The demise of cash has been predicted for many years. There is evidence for and against this everywhere. An article in The Financial Times by Rebecca Spang professor of history at Indiana University, The smart money: are we on the cusp of a cashless society?, reviewed three recent books on the subject:
- Before Babylon, Beyond Bitcoin: From Money that We Understand to Money that Understands Us, by David Birch, London Publishing Partnership
- Money Talks: Explaining How Money Really Works, edited by Nina Bandelj, Frederick Wherry and Viviana Zelizer, Princeton University Press
- Paid: Tales of Dongles, Checks, and Other Money Stuff, edited by Bill Maurer and Lana Swartz, MIT Press.
Sprang queries Birch’s idea that, “we would then leave it to our devices to sort the conversion rates is techno-utopianism.” She applauds, “The individual chapters in Money Talks deserve the attention of specialists and the book’s central message — that the management and regulation of money should not be left to economists or bankers alone — is one we should all take to heart.”
Spang’s overall conclusion is that “Predictions of a shift to virtual currencies have technology on their side but ignore the politics behind our payment systems.”
NACHA to develop API standards
In the USA NACHA has set up a working group made up of payment system and financial service leaders to develop an ‘API Playbook’ for banks, businesses and fintech companies to create a standardised API ecosystem.
Finextra report that, “The playbook will be made up of API standards but also a library of use cases and corresponding APIs, with an initial focus on three areas: payment access, fraud and risk reduction, and data sharing.”
Arab states plan regional payment and settlement system
Arab countries are finalising plans to create a regional cross-border payments and settlements system as an alternative to the current arrangement that mainly uses correspondent banks - banks in one country acting as agents to foreign financial institutions that do not have a local presence.
The Arab Regional Payments System (ARPS) will act as a correspondent for its participants such as banks and financial institutions, through a single, centralised platform for cross-border payments. One of the aims will be to boost the use of local currencies in cross-border money flows replacing U.S dollars.
The Arab Monetary Fund, the driver behind the system, has invited central banks and banks of all member countries, including Qatar, which is facing a diplomatic and economic boycott by four Arab states led by Saudi Arabia.
The AMF expects the ARPS to be in operation by 2020.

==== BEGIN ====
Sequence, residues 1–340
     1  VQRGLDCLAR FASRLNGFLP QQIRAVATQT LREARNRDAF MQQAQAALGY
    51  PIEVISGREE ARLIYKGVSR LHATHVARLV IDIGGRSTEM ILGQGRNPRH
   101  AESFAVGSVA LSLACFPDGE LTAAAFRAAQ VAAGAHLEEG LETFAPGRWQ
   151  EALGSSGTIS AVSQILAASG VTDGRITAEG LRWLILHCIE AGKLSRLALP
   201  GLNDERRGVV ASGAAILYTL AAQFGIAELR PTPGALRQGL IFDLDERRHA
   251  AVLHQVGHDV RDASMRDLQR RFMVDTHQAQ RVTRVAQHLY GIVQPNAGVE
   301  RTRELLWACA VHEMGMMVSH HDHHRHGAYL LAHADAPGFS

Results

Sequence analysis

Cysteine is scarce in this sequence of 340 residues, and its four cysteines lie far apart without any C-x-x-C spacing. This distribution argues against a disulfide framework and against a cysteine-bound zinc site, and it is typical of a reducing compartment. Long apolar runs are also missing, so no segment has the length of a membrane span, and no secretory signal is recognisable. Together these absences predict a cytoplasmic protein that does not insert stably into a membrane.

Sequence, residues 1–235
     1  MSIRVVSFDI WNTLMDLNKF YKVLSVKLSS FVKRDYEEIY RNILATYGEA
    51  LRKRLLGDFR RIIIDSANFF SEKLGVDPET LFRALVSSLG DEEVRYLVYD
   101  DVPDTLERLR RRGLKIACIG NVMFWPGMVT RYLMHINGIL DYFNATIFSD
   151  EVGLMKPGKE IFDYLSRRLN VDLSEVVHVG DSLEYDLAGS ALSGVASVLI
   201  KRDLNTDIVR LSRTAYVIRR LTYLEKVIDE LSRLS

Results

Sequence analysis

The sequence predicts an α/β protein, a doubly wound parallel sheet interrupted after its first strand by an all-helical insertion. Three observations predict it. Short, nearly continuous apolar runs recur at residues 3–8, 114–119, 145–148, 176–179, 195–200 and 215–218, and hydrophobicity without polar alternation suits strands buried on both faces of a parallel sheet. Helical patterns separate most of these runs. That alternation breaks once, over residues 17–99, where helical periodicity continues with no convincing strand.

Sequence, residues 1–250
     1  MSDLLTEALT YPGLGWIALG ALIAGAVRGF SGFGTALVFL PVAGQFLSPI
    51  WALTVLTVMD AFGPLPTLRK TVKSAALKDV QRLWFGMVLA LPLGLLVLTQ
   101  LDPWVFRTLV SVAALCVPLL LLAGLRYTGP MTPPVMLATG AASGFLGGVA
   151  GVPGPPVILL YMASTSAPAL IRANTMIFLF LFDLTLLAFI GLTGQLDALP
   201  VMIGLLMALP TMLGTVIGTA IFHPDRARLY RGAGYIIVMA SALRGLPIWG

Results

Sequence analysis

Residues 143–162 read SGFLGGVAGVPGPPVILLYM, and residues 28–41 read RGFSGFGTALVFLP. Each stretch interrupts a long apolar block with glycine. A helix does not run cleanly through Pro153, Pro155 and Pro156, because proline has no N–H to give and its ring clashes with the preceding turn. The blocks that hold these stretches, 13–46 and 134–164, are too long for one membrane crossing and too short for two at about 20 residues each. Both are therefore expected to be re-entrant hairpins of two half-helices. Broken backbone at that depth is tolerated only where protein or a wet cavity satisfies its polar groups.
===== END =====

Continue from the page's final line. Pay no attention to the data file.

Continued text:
EBA publishes Final Guidelines on Professional Indemnity Insurance under PSD2
The European Banking Authority have published their final Guidelines under the revised Payment Services Directive (PSD2), on the criteria on how to stipulate the minimum monetary amount of the professional indemnity insurance (PII) or other comparable guarantee for payment initiation services (PIS) and account information services (AIS). Undertakings intending to carry out these services will need PII cover or a comparable guarantee as a prerequisite to be granted authorisation. The Guidelines, therefore, contribute to the overall objectives of PSD2, by strengthening the liability regime governing the interactions between the different actors involved in electronic payment transactions.
The EBA mapped market practices in the European Union with regard to the provision of PIS and AIS and applicable insurance policies. Based on the findings of the mapping exercise, the EBA elaborated on the criteria and indicators set out in PSD2, identified additional indicators, developed a calculation method for the indicators, and established a formula for the calculation of the minimum monetary amount of the PII or comparable guarantee.
The EBA believe that the Guidelines require the minimum monetary amount of PII or comparable guarantee to be calculated by adding up the amounts that are reflective of the risk profile criterion, the type of activity criterion, and the size of activity criterion respectively.
The Guidelines will apply from 13 January 2018.
CTMfile take: As new technologies and new players enter the payment systems space, it is clear that: payment systems are far too important to be just left to bankers and economists or technologists alone.
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